At first their love rained fiercely — against the background of the sea breeze that blew into the Akademi building situated 1285 feet above sea level, a few sea side songs (Periyare, Periyare), and the drunken songs of fishermen (Antikkadappurathu)9 Gradually Mohammed Shah started forgetting his promises—‘Neruda’s autobiography, almost half the book dealing with love. the rest with revolution. you should read it, I’ll bring it’ and ‘U.P. Jayaraj ’s new book, I bought it especially for you.’ Thrusting her down forcibly, other things grew up in him and effortlessly she was pushed out. It was during that time, thro ugly numerous debilitating frustrations, almost at the corner of self- destruction that Pramila came across the woman activist Sumana.
Sumana laughed saying ‘ I know that a woman will have to come into this room sometime or other.’ Then her legal advisor, Leena Philip with a characteristic gopi bindi 10 on her forehead, was not present there to give lectures on law. Pramila was relieved at Samana’s revelation that a woman who does not become conscious of her body can never be a woman. The body has no caste, neither has lust. The biological structure of a Thandar woman and a Chatty woman is the same. Pramila could now write about the rain forests and birds of the rainy season. She could raise her voice for the poor people. She could hold a placard. Kids speaking Urdu, Mohammed Shah’s eyes resembling an Urdu poem and his laugh like the rain cloud, sometimes echoed loudly in her, then fell down and shattered. She frequented tourist centers wearing rough textured sprees, with a shoulder bag, distributing pamphlets. She renounced all conforms. She gave up all her dreams too. Only the panting of pain — like the sea breeze — remained.
Sumana was busy completing her dream project ‘The Body, the Mind’. In it, in the column for low caste people, Pramila’s photo is included along with her biographical details. Pramila asked, with her her hand pressing down her heart tumultuous with many agonies, ‘ Madam, is caste such a crime?’ Sumatra lifted her head. Then with a slight smile took off her spectacles and put it on the table.
‘Read Ingersoll’s Mothergods my dear. It’ll be there in our library. We should learn to take pride in our caste, my child. Caste is one’s own blood, one’s tradition, and ancestral tribute. She panted. Her lips trembled. Drops of sweat collected on her forehead. How far was it now to nationality’? A slogan.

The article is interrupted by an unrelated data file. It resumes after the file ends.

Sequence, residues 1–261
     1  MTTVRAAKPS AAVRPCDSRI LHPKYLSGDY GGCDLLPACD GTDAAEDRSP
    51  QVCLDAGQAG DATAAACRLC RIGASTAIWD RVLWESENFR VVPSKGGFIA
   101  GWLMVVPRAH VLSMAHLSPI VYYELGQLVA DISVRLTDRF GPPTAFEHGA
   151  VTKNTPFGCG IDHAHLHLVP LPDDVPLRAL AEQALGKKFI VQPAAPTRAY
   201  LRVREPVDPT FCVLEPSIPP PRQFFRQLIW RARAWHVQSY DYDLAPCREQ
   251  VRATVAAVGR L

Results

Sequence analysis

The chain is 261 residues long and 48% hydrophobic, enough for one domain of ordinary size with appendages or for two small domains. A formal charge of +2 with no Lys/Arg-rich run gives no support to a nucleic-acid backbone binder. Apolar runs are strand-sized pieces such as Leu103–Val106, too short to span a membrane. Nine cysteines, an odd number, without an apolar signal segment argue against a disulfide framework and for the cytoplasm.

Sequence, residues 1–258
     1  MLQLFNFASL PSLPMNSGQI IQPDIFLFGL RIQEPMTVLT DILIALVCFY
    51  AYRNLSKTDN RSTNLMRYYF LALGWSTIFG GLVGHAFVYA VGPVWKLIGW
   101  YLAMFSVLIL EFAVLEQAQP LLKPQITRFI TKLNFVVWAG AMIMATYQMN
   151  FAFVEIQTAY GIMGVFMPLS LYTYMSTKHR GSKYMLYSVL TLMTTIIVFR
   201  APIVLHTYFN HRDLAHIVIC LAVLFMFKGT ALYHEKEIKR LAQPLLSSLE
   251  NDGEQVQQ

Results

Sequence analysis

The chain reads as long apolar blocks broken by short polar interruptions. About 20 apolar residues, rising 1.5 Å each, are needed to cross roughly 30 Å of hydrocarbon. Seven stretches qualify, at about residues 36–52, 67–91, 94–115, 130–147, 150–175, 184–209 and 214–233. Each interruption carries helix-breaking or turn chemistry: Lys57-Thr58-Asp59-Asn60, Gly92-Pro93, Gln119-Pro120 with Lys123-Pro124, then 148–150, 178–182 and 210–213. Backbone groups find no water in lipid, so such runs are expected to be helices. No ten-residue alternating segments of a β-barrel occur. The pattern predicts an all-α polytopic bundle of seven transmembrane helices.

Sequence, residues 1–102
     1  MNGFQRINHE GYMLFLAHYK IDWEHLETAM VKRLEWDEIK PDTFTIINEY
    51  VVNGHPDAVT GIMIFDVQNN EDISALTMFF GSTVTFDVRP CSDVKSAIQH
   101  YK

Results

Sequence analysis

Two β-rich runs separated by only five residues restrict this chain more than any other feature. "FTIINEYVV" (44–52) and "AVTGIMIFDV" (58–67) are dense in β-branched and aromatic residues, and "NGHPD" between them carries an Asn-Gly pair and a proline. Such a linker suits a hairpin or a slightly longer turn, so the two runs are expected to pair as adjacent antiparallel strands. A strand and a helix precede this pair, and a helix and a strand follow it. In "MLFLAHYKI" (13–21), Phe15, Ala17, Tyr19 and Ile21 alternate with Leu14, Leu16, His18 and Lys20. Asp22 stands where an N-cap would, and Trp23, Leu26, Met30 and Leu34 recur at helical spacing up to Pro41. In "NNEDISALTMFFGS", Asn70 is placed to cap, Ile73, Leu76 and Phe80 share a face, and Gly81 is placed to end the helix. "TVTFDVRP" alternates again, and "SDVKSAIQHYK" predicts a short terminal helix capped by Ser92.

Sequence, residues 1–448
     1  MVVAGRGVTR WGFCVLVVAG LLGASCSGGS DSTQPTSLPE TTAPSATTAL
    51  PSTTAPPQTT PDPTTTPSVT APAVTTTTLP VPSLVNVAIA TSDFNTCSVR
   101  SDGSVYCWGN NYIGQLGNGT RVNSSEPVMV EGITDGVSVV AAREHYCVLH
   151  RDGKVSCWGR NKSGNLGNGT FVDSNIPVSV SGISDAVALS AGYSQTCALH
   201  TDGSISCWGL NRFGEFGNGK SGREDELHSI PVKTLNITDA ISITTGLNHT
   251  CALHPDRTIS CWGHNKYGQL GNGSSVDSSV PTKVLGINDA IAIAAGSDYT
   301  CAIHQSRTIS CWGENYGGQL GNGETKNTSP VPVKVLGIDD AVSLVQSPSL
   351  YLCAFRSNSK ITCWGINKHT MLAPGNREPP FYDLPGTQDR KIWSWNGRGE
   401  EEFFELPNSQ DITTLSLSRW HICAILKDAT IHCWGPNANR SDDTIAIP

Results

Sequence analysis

Translated from Malayalam by Jayasree Ramakrishnan Nair
1 Reference is to Rahul Sankrtyayati’s book From the Volga to the Ganges
2 A woman of the upper caste who is expected to step within the house.
3 A term signifying pure Tamil language anal tradition.
4 A popular seaside resort in Kerala
5 Legends, Mythology.
6 A popular song accompanying the traditional Kerala dance form Thiruvathira.
7 An extract from the poem.
‘Chandalabhikshuki’ by the famous Malayalam poet Kumaranasan. The line ‘jati chodikkunilla njan sodari’ (sister, I am not asking your caste) is spoken by a Buddhist monk to a woman of the low Chandala caste, who is reluctant to serve him drinking water out of fear of polluting him.
8 The line is inspired by the title of a Malayalam short story ‘Puzha kadannu marangalude idayiloltu ( Into the midst of trees, crossing the river) which is here used to suggest a place of refuge from the pursuing caste devil.
9 Both ‘periyare’ and ‘antikkadappurathu’ are popular Malayalam film songs.
10 A decorative mark worn on the forehead by Indian women.
K.R. Mallika is one of the most notable women short story writers in Malayalam. She is working in the editorial office Department office, Trivandrum.
Her short story ‘Concerning Caste’ is a sensitive study of the female protagonist who comes to terms with the galling reality of caste. She is both annoyed and ashamed of her caste identity. Her fascination for Mohammed Shah begins when she realises that she did not understand caste. However Shah found other interests and Pramila encounters the woman activist who tells her to take pride in caste! The tale thus explores the various perspectives on caste.
JAYASREE RAMAKRISHNAN NAIR. Freelance writer and translator. Is Senior Associate Editor, Samyukta. Has published articles and translated many works, including four plays of Shakespeare into Malayalam. Her doctoral work was on the ‘Translation of Shakespeare’s Plays into Malayalam.’